It’s old Gods vs. tech Gods in this sci-fi/fantasy blend. I only gave this book three stars because subtlety is lost on me. It took watching the STARZ series American Gods afterward to fully understand the book. The details in the book are elusive, so watching the show filled in some gaps, aiding me in comprehending the mini-plots throughout the novel.
The mini-plots give us a sense of how much different the old Gods' lives are in today’s world, having been forgotten, as opposed to centuries ago when sacrifices were made in their names. They are merely surviving now, maintaining their power by any means necessary. Mr. Wednesday enlists the aid of these long-forgotten Gods in forging a war with the new Gods of the tech age, but some of his old friends have already chosen to align themselves with the opposing team.
There is a subplot that takes place in a small Wisconsin city called Lakeside. Our male protagonist, Shadow, grows to like it there, but all is not what it appears in this quaint town. This subplot was my favorite part of the book. Shadow seems happy there, making friends with the sheriff and some other townsfolk. The reader gets a sense that he wants to put down some roots, but Wednesday tends to spoil Shadow’s contentment every chance he gets; whether it is intentional or not, who knows?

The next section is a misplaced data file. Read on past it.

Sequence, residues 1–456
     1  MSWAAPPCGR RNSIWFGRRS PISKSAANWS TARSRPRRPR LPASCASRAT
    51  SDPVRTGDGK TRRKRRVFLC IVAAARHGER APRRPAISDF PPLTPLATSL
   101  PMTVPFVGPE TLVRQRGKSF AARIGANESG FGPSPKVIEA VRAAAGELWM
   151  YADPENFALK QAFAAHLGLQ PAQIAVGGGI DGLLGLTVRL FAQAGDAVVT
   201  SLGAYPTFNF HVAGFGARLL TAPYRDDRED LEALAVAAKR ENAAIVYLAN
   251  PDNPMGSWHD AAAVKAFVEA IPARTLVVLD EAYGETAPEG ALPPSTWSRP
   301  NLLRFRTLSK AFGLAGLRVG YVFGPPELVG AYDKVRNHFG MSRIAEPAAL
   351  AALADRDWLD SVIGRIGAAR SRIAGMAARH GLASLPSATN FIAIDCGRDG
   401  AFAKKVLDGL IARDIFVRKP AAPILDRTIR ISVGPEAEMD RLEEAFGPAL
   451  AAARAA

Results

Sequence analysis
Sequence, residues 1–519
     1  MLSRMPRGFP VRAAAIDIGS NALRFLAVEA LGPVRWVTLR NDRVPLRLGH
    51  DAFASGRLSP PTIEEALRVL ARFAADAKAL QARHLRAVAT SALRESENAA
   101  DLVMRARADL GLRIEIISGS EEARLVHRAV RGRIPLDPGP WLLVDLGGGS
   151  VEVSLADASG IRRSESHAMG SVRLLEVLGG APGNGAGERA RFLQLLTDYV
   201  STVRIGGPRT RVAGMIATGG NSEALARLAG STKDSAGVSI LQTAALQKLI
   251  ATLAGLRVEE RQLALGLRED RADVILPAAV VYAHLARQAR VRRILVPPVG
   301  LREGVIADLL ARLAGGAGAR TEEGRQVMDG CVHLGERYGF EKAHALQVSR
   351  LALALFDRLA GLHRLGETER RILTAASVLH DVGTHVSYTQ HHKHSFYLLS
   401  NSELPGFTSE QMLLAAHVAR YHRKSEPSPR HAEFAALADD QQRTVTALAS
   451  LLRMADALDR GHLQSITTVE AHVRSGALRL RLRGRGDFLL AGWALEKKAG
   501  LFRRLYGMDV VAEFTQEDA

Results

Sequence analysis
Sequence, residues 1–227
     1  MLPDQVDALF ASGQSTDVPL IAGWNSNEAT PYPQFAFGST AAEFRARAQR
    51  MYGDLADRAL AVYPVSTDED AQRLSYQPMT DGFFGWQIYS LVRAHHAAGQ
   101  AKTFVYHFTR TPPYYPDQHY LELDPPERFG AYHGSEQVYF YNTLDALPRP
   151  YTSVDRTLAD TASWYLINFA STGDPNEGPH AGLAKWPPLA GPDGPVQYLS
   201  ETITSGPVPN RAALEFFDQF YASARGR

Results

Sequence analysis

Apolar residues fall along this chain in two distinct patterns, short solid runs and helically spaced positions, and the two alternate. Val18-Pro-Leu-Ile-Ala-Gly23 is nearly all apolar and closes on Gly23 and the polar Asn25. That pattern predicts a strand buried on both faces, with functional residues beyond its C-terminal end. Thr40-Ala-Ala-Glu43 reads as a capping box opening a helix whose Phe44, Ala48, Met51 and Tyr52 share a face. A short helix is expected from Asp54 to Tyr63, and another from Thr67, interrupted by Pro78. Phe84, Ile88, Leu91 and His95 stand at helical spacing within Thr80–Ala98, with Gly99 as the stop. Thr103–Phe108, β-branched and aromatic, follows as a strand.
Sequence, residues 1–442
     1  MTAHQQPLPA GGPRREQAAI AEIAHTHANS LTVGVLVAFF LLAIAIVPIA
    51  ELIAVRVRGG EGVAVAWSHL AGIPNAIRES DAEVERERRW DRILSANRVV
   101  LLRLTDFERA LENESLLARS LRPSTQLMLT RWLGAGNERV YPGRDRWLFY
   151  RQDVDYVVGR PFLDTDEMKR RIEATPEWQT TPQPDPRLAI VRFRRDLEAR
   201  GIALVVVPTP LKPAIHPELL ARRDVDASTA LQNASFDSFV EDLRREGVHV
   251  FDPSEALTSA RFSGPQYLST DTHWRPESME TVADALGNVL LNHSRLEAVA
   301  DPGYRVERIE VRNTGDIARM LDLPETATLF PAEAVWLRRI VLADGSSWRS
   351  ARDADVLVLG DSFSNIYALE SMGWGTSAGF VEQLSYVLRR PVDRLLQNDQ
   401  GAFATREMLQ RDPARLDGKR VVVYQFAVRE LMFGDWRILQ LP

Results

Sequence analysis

With war imminent throughout the book, the reader begins to wonder whose side to take, if any. And what is Shadow’s role in all this? Why did Wednesday recruit him? All of the audience’s questions are answered by the end of the book—don’t skip the Epilogue—even if it’s done thinly.
If you have read about gods such as Anansi, Bilquis, and Odin in the past, the subtlety may not be lost on you. If it is, though, I recommend watching the STARZ series. I like it better than the book.
If you have both read the book and watched the series on STARZ, which do you prefer—the book or the TV series?
Image Courtesy of Amazon.com